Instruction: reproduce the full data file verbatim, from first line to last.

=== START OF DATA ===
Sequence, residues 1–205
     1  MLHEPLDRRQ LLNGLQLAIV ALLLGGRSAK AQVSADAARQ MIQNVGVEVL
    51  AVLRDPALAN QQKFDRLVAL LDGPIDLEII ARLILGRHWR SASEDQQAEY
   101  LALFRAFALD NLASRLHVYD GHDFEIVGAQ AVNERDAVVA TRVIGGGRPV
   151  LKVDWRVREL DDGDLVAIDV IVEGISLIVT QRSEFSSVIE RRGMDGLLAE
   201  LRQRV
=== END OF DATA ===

Sequence, residues 1–205
     1  MLHEPLDRRQ LLNGLQLAIV ALLLGGRSAK AQVSADAARQ MIQNVGVEVL
    51  AVLRDPALAN QQKFDRLVAL LDGPIDLEII ARLILGRHWR SASEDQQAEY
   101  LALFRAFALD NLASRLHVYD GHDFEIVGAQ AVNERDAVVA TRVIGGGRPV
   151  LKVDWRVREL DDGDLVAIDV IVEGISLIVT QRSEFSSVIE RRGMDGLLAE
   201  LRQRV